Yet for all of the public acknowledgement of the issue, the survey suggests many health care workers haven’t received much tangible support from their employers during the pandemic. Roughly 2 in 5 health care workers, for example, said that a raise had helped keep them happy at work, but another 29 percent said they hadn’t been offered one. They were twice as likely to say caregiver support was effective than ineffective at keeping them content — but more than half said their employer didn’t offer such aid at all.

“Money is nice, but money is not the solution,” Rothholz said. “It's giving team members the time.”

For some, time off has been hard to come by. About 3 in 10 health care workers said their work hours have increased over the past six months, while 4 in 5 said the national shortage of medical staff has affected them and their place of work.

That’s because the shortages create a sort of domino effect across the health care system, even if a particular facility is in good shape. Physical therapists, for example, are now seeing a deluge of patients who delayed elective surgeries earlier in the pandemic. And if nursing homes don’t have enough staff, hospitalized patients may be stuck in limbo while they wait for a bed to open up.

“People are, in some cases, spending more time within the four walls of a hospital as opposed to these other episodes of care, which are probably better suited for their needs, but they're not staffed,” said Andy Brailo, chief customer officer at Premier Inc., which handles supply chains for hospitals.

It’s not just the direct care workforce that’s being squeezed, Brailo noted, with hospital custodians and other support staff also in short supply: “If you can't clean the room, if you can't feed meals to the patients, that is arguably just as challenging for the community to deal with as it is for the nurses.”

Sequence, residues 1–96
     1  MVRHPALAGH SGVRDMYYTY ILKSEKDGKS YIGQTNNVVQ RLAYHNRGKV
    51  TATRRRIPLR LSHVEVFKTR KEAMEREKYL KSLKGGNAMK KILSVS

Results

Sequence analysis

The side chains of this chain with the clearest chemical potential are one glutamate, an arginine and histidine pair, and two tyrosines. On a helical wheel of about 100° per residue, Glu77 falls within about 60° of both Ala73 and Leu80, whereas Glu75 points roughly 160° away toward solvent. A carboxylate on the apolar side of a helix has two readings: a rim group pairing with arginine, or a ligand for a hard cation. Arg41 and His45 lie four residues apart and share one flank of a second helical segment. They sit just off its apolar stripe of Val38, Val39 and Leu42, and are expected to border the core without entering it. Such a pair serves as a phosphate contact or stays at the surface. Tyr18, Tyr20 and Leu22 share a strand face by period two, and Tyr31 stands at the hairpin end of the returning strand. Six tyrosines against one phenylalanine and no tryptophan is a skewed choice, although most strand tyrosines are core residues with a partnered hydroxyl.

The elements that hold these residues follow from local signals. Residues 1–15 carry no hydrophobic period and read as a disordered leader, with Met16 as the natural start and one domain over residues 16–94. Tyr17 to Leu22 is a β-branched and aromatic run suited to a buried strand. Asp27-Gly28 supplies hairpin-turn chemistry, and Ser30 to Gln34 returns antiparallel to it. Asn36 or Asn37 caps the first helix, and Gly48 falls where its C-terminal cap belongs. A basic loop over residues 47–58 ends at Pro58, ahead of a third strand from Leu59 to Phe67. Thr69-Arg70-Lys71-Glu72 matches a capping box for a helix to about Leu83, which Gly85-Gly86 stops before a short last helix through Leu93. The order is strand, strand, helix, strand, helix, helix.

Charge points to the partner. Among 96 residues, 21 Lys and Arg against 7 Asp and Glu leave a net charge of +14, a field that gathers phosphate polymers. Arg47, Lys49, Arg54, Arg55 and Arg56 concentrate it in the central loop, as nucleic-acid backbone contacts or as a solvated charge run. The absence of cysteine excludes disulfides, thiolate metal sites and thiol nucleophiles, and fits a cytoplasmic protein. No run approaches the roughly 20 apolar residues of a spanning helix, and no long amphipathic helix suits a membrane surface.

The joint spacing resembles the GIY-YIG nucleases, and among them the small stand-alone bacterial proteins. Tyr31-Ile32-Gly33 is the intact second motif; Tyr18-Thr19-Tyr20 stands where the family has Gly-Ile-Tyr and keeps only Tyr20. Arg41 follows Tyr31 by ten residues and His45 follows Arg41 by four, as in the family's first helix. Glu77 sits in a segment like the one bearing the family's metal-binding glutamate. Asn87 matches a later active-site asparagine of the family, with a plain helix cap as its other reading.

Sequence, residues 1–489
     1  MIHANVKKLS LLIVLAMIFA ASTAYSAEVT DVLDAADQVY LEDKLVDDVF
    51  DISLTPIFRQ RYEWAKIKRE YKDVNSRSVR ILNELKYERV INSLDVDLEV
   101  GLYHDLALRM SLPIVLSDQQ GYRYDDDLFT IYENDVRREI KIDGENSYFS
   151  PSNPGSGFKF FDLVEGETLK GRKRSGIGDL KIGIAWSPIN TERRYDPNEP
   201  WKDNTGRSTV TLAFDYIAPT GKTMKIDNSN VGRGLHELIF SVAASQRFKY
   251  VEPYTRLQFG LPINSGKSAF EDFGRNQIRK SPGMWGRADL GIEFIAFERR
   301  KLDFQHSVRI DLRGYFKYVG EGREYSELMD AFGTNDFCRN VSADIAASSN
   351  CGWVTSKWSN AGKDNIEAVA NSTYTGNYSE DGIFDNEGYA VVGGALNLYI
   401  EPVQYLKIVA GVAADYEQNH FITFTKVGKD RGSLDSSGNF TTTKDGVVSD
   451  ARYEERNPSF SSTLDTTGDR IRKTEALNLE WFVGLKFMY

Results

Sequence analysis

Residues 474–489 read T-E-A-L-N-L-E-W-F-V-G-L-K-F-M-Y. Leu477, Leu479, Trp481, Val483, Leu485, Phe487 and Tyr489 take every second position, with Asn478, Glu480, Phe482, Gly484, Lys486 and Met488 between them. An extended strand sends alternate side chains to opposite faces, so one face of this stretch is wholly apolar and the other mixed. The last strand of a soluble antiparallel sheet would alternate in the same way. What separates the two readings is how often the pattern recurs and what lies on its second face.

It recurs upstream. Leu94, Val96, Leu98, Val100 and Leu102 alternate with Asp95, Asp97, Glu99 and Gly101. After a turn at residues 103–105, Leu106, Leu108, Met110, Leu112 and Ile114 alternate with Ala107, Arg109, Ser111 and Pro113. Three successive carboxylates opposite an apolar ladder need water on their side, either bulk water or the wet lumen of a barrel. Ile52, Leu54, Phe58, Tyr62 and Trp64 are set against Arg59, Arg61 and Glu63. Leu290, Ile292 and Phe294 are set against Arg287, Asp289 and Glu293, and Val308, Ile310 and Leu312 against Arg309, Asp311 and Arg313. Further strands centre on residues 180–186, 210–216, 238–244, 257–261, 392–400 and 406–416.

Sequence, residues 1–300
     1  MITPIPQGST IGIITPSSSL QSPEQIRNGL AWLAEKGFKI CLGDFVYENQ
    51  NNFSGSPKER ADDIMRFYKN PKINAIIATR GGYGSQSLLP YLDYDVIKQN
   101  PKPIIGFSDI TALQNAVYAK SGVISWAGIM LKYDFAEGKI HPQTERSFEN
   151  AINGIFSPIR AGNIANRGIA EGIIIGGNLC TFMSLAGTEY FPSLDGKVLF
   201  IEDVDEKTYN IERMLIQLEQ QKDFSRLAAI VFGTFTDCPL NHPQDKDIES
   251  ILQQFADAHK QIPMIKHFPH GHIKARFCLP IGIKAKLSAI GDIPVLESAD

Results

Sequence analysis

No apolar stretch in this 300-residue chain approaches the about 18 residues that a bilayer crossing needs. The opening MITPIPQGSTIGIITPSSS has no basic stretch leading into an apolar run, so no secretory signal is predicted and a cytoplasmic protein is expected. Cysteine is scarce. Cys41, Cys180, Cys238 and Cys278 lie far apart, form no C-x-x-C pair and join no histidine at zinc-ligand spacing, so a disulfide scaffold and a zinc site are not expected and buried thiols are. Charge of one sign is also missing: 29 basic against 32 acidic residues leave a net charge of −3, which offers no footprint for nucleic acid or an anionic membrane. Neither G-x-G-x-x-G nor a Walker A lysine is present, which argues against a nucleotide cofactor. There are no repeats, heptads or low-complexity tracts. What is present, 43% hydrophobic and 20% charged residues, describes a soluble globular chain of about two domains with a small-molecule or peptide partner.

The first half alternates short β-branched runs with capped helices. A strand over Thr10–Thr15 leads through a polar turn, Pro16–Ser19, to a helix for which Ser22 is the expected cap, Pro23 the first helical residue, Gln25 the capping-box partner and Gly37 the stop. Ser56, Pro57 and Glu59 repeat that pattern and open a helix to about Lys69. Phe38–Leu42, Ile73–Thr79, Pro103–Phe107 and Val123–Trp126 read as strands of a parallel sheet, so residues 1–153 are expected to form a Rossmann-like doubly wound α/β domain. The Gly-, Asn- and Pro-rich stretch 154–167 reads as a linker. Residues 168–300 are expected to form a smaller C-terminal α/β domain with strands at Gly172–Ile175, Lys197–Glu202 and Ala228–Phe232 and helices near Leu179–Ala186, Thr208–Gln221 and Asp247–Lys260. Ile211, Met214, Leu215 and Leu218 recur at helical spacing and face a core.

All of these issues have pushed medical personnel to weigh their options. In the survey, health care workers become slightly more likely to say they’re considering leaving the industry over time -- from 15 percent before July 2021 to 20 percent this month. And 3 in 4 said they’re “ready for change.”

Escalating violence against clinicians is one of the major changes in the past few months, said Dr. Gillian Schmitz, an emergency room doctor in Texas and president of the American College of Emergency Physicians. The violence is “impacting staffing and morale, where people are just saying, ‘This is just not worth it anymore.’”

Meanwhile, a smaller sample of health care workers who have quit or been laid off during the pandemic cited issues like burnout, being overworked and finding better opportunities, benefits or pay elsewhere as reasons they left their jobs.

Brailo said it could be three to five years before the workforce fully recovers from the pandemic, and some facilities are already working on ways to help. In Louisiana, Girgrah said Ochsner is aiming to provide “more upstream offerings” that allow workers to “opt-out rather than opt-in” so that the onus isn’t on them to seek support.

The programming aims to decrease turnover, improve staff mental health and curb the amount of time clinicians spend catching up on administrative work after-hours, Girgrah said. HRSA will also convene Ochsner and nine other grantees to share findings and figure out what works and what doesn’t to support their staffers.

“If you want to recruit, if you want to retain your workforce, investing in them becomes a competitive advantage,” Girgrah said. “This becomes a reputational thing.”

A headshot photograph of Gaby Galvin
Gaby Galvin

Gaby Galvin previously worked at Morning Consult as a reporter covering health.